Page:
Why this matters

While this is still exploratory work, it displays the importance of real-world evidence in the study of rare patient populations.

Determining whether all BRCA alterations are equal in their response to targeted therapies will be critical in finding the best treatment courses for individual patients.

View the full poster on the ASCO website

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Research Focus

Barriers (and solutions) to clinical trial participation

Use of real-world data to understand barriers to interventional clinical trial enrollment in community oncology clinics

Johnetta Blakely et al.

Johnetta Blakely et al.

There are limited data from community oncology clinics on the degree to which common trial exclusion criteria and socioeconomic factors play a role in low enrollment rates. Researchers explored the impact of labs, performance status, and race on clinical trial eligibility and accrual, and found that exclusion criteria and other known barriers challenge the ability for community oncology clinics to recruit representative patient populations.

Why this matters

The current state of affairs in clinical trial participation is suboptimal, and it behooves the clinical research community to understand the dynamics of trial accrual and how they may ultimately impact research success. This study shows that the stringency of clinical eligibility criteria greatly reduces the pool of patients able to participate in clinical research, and lends urgency to the general efforts currently underway to address this issue.

Blakely et al
The prevalence of exclusion criteria in patients on various lines of therapy.
Listen to Johnetta Blakely, MD, of Tennessee Oncology, discuss the findings of this research, which sought to understand the barriers to interventional clinical trial enrollment in community oncology clinics.

There are limited data from community oncology clinics on the degree to which common trial exclusion criteria and socioeconomic factors play a role in low enrollment rates. Researchers explored the impact of labs, performance status, and race on clinical trial eligibility and accrual, and found that exclusion criteria and other known barriers challenge the ability for community oncology clinics to recruit representative patient populations.

Why this matters

The current state of affairs in clinical trial participation is suboptimal, and it behooves the clinical research community to understand the dynamics of trial accrual and how they may ultimately impact research success. This study shows that the stringency of clinical eligibility criteria greatly reduces the pool of patients able to participate in clinical research, and lends urgency to the general efforts currently underway to address this issue.


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An automated EHR-based tool for identification of patients with metastatic disease to facilitate clinical trial patient ascertainment

Jeffrey Kirshner et al.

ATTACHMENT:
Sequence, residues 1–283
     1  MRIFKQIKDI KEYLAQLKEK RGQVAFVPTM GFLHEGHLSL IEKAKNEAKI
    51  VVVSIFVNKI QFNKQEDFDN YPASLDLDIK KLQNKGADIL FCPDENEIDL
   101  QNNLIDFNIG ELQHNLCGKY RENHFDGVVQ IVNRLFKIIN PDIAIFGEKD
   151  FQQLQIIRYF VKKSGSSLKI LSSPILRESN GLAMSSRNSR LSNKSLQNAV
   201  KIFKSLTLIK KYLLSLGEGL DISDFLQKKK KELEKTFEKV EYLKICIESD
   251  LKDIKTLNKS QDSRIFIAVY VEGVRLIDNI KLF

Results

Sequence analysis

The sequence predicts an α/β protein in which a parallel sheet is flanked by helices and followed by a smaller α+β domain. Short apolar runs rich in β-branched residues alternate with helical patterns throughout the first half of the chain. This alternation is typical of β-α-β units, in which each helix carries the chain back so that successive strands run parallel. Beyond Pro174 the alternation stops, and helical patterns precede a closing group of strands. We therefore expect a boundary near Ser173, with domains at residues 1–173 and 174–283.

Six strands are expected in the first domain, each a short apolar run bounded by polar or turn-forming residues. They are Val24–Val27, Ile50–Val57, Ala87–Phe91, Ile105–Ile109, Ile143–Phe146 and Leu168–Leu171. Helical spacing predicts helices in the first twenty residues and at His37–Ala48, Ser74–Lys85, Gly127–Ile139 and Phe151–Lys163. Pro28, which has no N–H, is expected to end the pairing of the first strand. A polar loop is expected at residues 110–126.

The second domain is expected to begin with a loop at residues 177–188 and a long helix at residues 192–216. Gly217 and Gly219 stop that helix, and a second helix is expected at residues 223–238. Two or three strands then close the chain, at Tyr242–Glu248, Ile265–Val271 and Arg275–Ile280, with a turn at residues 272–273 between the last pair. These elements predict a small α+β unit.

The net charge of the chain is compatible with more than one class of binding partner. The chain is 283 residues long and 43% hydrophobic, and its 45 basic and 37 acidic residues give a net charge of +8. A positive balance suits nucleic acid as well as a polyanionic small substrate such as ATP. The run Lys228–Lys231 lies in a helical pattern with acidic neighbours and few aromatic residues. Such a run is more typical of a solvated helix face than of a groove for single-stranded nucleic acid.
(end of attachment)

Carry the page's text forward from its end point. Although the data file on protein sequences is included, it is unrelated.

Jeffrey Kirshner et al.

Efforts to rapidly identify patients for clinical trials in routine practice, including automation of patient ascertainment from electronic health record (EHR) data, are hindered by the lack of information on metastatic status in structured format. In collaboration with community oncology clinic partners, researchers developed a machine learning tool that infers metastatic status from unstructured EHR data with high accuracy.

Why this matters

Oncology clinics often anticipate that participation in clinical studies is associated with daunting staff workload increases.

By automating time-consuming manual steps in the trial conduct process, tools such as this can make trial participation a more approachable undertaking, particularly for community sites. Increasing the number of clinics willing to become clinical trial sites could improve clinical research access and participation.

View the full poster on the ASCO website
Kirshner et al
Metastatic status classification of 200 patients using machine learning tool and after user review.
Jeffrey Kirshner, MD, of Hematology-Oncology Associates of Central New York, explains a machine learning tool developed to help facilitate clinical trial patient ascertainment.

Efforts to rapidly identify patients for clinical trials in routine practice, including automation of patient ascertainment from electronic health record (EHR) data, are hindered by the lack of information on metastatic status in structured format. In collaboration with community oncology clinic partners, researchers developed a machine learning tool that infers metastatic status from unstructured EHR data with high accuracy.

Why this matters

Oncology clinics often anticipate that participation in clinical studies is associated with daunting staff workload increases.

By automating time-consuming manual steps in the trial conduct process, tools such as this can make trial participation a more approachable undertaking, particularly for community sites. Increasing the number of clinics willing to become clinical trial sites could improve clinical research access and participation.